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Coronary Heart Disease - A disease of the developing world.

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Introduction

Coronary Heart Disease - A disease of the developing world Coronary Heart Disease is the most common serious medical condition in the Western world. It affects people more as they grow older and impinges on both men and women, rich and poor, black and white. In the USA 7.5% of white people suffer from heart disease. 6.9% of black people suffer. This small difference in percent is not due to different genetics, but most likely different lifestyles the people lead. Coronary heart disease is the disease that involves the narrowing and blocking of the coronary arteries. These arteries line the heart and supply it with oxygen-rich blood and nutrients. There are two types of CHD. 'Angina Pectoris' is where a blockage occurs in the arteries preventing blood passing to tissues which is brief and incomplete, no damage occurs if the blockage allows blood through again, but if blood is still unable to pass through and a portion of the muscle is destroyed it is called a 'Myocardial Infarction', this is commonly called a 'heart attack'. The narrowing and furring of the coronary arteries cause CHD. As the body gets older, the tissues and systems change, artery walls become harder and they thicken, this general process is called 'Arteriosclerosis'. This increases the risk of heart disease because as the walls thicken, the arteries become narrower, increasing the risk of blockage of the flow of blood to the heart muscle. ...read more.

Middle

CHD has no regard for colour, but the racial background may have long-term affects. CHD could increase because of health-damaging environments, such as exposure to car exhaust fumes. Pollution from this type of source can increase the risk of a heart attack as carbon monoxide in the fumes affects the blood's clotting ability. There are a number of uncontrollable risks that contribute to the development of CHD. One reason for an increased incidence of CHD in developed countries is that we are all living longer. Atherosclerosis and CHD take a long time to develop, and as time goes by and, the body becomes older, it becomes less able to repair damage caused by other factors. Gender also affects the development of CHD in many ways. As talked about above, before passing the menopause, women have a variety of hormones that protect the arteries. So men between the ages of 35 and 44 are 6 times more likely to sustain a heart attack than women. Women after the age of 65 are just as likely to suffer from heart disease as men. An increased risk of suffering heart disease may run in the family. There are conditions such as inherited Familial Hyperlipidaemia. Sufferers have naturally raised levels of cholesterol, and are thus at higher risk of developing CHD. ...read more.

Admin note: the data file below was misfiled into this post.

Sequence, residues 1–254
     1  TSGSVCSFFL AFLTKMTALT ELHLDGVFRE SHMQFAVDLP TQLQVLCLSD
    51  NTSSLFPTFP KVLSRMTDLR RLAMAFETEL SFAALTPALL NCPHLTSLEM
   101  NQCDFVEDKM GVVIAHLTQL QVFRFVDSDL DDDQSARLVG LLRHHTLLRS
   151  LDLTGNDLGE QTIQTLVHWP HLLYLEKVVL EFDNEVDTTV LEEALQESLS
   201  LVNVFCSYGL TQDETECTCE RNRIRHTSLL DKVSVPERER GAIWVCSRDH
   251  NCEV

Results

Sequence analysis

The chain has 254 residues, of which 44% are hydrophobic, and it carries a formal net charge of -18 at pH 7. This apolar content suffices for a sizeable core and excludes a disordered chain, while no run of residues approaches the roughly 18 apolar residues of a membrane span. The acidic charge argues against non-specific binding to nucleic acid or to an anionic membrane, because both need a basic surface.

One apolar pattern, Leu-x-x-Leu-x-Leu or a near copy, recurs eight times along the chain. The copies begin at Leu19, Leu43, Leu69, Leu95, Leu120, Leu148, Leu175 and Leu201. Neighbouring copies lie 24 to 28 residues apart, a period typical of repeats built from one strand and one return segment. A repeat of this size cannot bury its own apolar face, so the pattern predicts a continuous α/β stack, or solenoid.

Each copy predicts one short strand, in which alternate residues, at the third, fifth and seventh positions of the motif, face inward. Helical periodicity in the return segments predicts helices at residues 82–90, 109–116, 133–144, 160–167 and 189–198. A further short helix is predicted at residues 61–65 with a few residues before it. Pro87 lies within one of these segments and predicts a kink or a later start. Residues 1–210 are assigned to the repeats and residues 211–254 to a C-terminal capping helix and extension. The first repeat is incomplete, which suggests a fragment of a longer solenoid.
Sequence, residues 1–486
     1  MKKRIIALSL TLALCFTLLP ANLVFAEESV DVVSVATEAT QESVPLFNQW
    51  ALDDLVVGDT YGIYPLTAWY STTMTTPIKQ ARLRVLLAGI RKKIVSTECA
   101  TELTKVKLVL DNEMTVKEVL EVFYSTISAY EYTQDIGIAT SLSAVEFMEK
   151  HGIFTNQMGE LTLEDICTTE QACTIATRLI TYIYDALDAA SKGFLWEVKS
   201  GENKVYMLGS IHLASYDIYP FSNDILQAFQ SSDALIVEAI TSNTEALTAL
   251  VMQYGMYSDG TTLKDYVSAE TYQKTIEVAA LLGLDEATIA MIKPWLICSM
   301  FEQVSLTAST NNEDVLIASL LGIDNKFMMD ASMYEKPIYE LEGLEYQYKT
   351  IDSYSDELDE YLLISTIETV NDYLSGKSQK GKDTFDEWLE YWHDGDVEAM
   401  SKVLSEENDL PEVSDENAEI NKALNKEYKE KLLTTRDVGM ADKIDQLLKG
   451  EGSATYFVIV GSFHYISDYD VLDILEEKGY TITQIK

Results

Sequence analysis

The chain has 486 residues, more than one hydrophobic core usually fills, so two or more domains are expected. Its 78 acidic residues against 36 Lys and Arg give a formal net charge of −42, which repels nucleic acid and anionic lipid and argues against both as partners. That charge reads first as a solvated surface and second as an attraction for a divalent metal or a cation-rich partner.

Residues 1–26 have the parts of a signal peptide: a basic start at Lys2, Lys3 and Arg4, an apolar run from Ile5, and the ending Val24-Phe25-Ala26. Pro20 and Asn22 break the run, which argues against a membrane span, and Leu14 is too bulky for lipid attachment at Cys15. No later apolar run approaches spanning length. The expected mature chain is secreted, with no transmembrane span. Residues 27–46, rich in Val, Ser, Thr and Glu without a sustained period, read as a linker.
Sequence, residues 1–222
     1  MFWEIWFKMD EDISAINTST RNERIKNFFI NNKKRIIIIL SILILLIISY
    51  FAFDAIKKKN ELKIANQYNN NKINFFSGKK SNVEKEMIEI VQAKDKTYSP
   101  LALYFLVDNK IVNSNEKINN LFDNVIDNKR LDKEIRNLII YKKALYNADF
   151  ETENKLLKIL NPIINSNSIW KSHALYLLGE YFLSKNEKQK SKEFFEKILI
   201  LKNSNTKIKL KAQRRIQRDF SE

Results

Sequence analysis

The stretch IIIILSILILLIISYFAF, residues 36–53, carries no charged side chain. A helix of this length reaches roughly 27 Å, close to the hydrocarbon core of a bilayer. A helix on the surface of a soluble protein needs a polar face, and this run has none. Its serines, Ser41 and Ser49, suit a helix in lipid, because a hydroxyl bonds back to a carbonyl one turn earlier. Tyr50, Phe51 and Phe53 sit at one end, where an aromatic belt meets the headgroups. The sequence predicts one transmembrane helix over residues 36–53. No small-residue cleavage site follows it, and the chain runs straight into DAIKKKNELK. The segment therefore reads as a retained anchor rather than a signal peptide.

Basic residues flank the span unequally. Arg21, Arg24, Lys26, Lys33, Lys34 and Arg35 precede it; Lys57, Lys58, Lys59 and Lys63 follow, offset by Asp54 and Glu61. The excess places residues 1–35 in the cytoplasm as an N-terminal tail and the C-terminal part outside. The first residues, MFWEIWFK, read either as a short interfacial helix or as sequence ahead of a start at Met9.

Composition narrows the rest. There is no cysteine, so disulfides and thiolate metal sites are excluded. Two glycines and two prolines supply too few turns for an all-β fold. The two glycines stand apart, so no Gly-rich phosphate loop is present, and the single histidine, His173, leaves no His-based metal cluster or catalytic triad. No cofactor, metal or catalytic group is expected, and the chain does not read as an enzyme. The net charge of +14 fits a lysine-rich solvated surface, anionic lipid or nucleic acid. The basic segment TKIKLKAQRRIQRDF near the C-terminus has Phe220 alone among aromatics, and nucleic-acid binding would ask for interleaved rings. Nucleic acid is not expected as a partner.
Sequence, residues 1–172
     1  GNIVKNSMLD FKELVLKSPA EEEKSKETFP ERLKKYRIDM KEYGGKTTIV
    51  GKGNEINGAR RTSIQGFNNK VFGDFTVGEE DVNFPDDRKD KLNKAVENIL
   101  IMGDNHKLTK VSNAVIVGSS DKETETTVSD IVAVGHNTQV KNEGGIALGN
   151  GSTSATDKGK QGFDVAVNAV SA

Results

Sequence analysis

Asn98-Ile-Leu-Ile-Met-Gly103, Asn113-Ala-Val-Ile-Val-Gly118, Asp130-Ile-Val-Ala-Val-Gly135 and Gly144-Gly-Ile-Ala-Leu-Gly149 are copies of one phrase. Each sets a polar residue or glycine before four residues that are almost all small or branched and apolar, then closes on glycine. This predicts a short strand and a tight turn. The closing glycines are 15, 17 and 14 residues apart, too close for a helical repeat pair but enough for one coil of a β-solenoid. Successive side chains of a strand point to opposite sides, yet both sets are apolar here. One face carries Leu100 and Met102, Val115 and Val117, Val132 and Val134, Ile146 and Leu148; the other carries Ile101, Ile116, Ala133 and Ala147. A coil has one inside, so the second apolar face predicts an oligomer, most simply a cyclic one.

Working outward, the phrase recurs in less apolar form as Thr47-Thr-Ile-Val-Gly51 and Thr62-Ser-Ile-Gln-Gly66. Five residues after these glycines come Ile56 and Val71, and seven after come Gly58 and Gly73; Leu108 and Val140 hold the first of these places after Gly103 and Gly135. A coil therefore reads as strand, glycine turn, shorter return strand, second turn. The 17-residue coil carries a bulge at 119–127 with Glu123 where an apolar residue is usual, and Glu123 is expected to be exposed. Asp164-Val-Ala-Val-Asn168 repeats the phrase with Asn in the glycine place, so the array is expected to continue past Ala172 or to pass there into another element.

Conclusion

Whereas, people living in developed and developing countries have relatively unhealthy diets, where animal fats are common; fast food outlets provide us with tasty but extremely fatty foods. This affects us all now and will also affect us in the future, because the human body has evolved to eat as much fatty food as possible as a survival tactic. Some countries now have an infinite supply of unhealthy food. Scientists now believe that it is a basic human instinct to eat as much as possible, when food is freely available. This will be linked to our history, where we may have had to survive long periods when food was scarce. This instinct will naturally lead to higher risks of obesity and CHD. Our bodies have not evolved to cope with such prolonged high-fat diets. Such diets can lead to obesity in children and adults. Obesity puts a severe strain on the heart and circulatory system. Jobs in developed countries can be pressured with huge financial and hierarchy influences. When linked to a lack of exercise, and a feeling of frustration with the pace of life, such pressures can lead to stress, which will naturally increase the risks of succumbing to CHD. This is less so in LEDC's as people are mainly trying to just get by although they will suffer from stress only will increase development of CHD when there are other factors involved. ...read more.

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